The size and shape of the probe 10 are not critical, and a variety of probes are suitable for use herein. Without being limited thereto, probes may be straight, bent, or curved, and may be disposed substantially vertically or inclined at an angle to the vertical. The cross section of the probe may also be varied, and probes having substantially flat or curved leading edges 11 may be used, although probes having a pointed or wedge shaped leading edge are preferred to facilitate soil penetration.
The impedance sensor 12 is also not critical, and a variety of conventional impedance sensors may be effective for sensing the horizontal force exerted by the soil, and thus are suitable for use in the detector 1. The particular impedance sensor selected, including its size, shape, and position with respect to the probe, may vary with different soil types and conditions, and may be readily determined by routine experimentation. As shown in FIGS. 1 and 2, the use of a wedge-shaped impedance sensor extending forward of the leading edge 11 is preferred. However, other suitable sensors include, but are not limited to cylinders or bars with flat, rounded, pointed, or conical faces, and may be flush with or extend forward of leading edge 11. In the preferred embodiment, sensor 12 contacts load cell 13 attached to the back side of the probe through rod 14 which is passed through hole 15 in probe. Horizontal force experienced by the sensor is thus directly transmitted to the load cell for detection and quantification.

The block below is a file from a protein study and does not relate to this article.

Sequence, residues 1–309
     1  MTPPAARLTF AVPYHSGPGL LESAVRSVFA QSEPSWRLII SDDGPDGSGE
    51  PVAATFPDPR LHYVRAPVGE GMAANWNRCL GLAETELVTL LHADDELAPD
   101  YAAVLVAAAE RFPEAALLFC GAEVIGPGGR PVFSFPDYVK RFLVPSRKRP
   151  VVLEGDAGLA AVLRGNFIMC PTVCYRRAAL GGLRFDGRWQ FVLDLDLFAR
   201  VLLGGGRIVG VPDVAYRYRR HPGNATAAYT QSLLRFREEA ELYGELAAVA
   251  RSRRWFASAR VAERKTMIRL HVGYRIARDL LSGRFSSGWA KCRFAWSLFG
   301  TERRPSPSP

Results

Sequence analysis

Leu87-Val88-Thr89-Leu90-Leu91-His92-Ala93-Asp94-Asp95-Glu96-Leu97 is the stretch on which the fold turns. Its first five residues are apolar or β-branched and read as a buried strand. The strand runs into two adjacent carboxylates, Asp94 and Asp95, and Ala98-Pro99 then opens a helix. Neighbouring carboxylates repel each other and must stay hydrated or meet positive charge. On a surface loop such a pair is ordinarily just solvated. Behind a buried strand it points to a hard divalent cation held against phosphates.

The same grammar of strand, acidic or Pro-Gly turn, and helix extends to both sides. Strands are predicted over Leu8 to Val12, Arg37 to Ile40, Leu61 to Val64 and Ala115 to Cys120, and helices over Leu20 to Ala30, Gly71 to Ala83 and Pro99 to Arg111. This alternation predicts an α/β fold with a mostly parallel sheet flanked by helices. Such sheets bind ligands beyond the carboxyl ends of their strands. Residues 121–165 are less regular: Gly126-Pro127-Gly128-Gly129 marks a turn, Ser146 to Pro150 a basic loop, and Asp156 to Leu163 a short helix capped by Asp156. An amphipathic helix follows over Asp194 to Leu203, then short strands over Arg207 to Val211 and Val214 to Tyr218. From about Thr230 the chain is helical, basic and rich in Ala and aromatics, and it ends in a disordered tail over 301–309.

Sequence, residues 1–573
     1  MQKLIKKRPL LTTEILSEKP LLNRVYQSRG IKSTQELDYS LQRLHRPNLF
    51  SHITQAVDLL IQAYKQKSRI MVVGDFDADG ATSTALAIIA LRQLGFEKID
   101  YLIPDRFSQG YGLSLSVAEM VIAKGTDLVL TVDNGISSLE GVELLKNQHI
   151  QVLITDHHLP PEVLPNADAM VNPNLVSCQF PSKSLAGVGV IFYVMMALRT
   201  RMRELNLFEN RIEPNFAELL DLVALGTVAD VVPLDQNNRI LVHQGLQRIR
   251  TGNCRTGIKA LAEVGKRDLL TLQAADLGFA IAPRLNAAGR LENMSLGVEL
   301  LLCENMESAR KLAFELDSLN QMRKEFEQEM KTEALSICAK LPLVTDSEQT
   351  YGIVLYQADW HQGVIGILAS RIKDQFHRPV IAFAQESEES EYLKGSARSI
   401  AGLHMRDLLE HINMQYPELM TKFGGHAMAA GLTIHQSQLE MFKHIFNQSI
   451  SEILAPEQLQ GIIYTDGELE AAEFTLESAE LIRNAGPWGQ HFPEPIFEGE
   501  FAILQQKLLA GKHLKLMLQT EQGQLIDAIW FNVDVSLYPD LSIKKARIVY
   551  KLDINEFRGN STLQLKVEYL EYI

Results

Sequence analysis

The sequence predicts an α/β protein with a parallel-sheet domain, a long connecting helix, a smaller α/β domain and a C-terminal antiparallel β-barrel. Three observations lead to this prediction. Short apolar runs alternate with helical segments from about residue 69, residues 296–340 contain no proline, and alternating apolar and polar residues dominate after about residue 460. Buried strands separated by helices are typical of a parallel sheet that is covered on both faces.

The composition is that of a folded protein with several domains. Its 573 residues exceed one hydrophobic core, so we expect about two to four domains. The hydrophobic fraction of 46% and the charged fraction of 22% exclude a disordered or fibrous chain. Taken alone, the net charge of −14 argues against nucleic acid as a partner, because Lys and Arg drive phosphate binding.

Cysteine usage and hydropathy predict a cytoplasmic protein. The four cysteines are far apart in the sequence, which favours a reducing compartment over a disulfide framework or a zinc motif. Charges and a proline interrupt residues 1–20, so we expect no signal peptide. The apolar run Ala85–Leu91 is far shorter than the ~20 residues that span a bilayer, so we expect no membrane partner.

To correlate the mechanical impedance measured to soil depth, the depth of the sensor 12 may be measured using a variety of optical, electronic, or mechanical instruments conventional in the art. In the preferred embodiment, depth may be measured using an optical sensor 16 attached to frame 2 or probe 10 which is effective for measuring the distance to the ground.